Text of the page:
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New vehicle sales in Thailand dropped sharply by 26 percent to 52,843 units from 71,551 units the previous year in February, according to data from the Federation of Thai Industries (FTI).

Notably, this data did not include some key brands like BMW and Mercedes-Benz. The market has been declining for over a year, despite a brief recovery from the COVID-19 pandemic, with sales falling by 9 percent to 775,780 units in 2023.

Despite this, Thailand remains the largest vehicle producer in Southeast Asia, making it the third-largest market after Indonesia and Malaysia.

The decrease in sales is mainly due to challenges faced by consumers and small businesses, with the central bank raising interest rates from 0.5 percent to 2.5 percent over the past 18 months.

Additionally, vehicle finance companies have increased their rates and made it harder to get loans, which has further affected people’s ability to buy vehicles. In the first two months of 2024, sales were down by 21 percent to 107,657 units compared to the same period last year, with weak demand for pickup trucks being a contributing factor.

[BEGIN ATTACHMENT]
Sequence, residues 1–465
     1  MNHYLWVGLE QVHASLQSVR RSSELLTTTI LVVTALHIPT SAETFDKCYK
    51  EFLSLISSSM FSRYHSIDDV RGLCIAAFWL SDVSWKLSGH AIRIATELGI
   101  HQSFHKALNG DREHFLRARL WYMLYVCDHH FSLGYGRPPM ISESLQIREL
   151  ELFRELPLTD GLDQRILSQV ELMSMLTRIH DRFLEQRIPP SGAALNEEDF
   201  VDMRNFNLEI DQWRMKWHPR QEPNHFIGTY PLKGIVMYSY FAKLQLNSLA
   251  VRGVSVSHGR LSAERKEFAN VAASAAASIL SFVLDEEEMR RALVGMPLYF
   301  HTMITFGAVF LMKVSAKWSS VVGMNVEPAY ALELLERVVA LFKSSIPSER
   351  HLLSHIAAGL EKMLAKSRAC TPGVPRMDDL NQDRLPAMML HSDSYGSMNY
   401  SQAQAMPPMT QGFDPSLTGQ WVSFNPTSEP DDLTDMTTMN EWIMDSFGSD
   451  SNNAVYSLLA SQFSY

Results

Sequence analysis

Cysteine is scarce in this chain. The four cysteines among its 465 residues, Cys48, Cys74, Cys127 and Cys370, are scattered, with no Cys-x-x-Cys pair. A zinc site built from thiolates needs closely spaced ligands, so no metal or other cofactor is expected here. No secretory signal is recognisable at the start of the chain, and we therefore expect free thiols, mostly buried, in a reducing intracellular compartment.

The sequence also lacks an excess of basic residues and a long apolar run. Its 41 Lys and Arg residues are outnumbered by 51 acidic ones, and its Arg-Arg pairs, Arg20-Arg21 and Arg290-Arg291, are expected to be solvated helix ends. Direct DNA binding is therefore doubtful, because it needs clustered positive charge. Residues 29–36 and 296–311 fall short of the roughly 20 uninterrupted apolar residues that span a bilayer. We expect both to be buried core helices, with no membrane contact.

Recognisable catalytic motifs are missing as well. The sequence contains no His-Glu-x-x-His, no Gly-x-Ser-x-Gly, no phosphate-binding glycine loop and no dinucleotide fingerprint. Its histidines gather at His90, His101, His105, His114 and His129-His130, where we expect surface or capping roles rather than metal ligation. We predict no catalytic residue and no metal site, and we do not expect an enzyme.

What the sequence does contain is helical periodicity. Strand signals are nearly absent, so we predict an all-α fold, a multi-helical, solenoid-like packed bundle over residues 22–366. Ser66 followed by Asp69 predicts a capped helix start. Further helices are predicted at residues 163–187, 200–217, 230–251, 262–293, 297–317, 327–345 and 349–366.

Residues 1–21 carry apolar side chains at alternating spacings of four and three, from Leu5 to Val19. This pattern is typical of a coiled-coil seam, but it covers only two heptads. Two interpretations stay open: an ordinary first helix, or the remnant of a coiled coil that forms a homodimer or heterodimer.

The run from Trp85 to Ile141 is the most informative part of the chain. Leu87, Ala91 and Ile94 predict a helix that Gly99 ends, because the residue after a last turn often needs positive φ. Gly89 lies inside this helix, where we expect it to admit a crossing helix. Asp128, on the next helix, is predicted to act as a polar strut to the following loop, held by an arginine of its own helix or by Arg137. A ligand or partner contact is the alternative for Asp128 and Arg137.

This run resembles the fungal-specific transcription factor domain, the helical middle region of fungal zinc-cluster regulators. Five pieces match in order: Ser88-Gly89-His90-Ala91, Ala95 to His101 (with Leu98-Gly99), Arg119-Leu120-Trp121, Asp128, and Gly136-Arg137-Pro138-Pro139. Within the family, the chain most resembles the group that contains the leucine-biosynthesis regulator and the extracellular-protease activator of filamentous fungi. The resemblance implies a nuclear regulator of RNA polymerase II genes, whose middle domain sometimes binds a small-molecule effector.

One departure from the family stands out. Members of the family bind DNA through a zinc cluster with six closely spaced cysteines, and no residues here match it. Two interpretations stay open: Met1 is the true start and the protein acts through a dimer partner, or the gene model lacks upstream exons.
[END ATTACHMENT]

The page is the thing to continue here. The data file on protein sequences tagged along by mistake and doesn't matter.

There has also been a significant slowdown in the demand for traditional gasoline-powered cars, with sales dropping by 41 percent last month. However, interest in electric vehicles from China is growing.

Most electric cars sold in Thailand are currently imported from China, but local production is expected to increase later this year. Chinese electric cars are expected to be a highlight at the Bangkok International Motor Show, with discounts being offered by major players.

Vehicle production in Thailand decreased by 15 percent to 275,792 units in the first two months of the year, while exports remained slightly lower at around 176,000 units. Despite these challenges, the FTI predicts a 3 percent increase in vehicle production to 1.9 million units in 2024.

The government has recently announced new incentives to encourage the sale of electric commercial vehicles, such as trucks and buses, to support local production and create a domestic supply chain.

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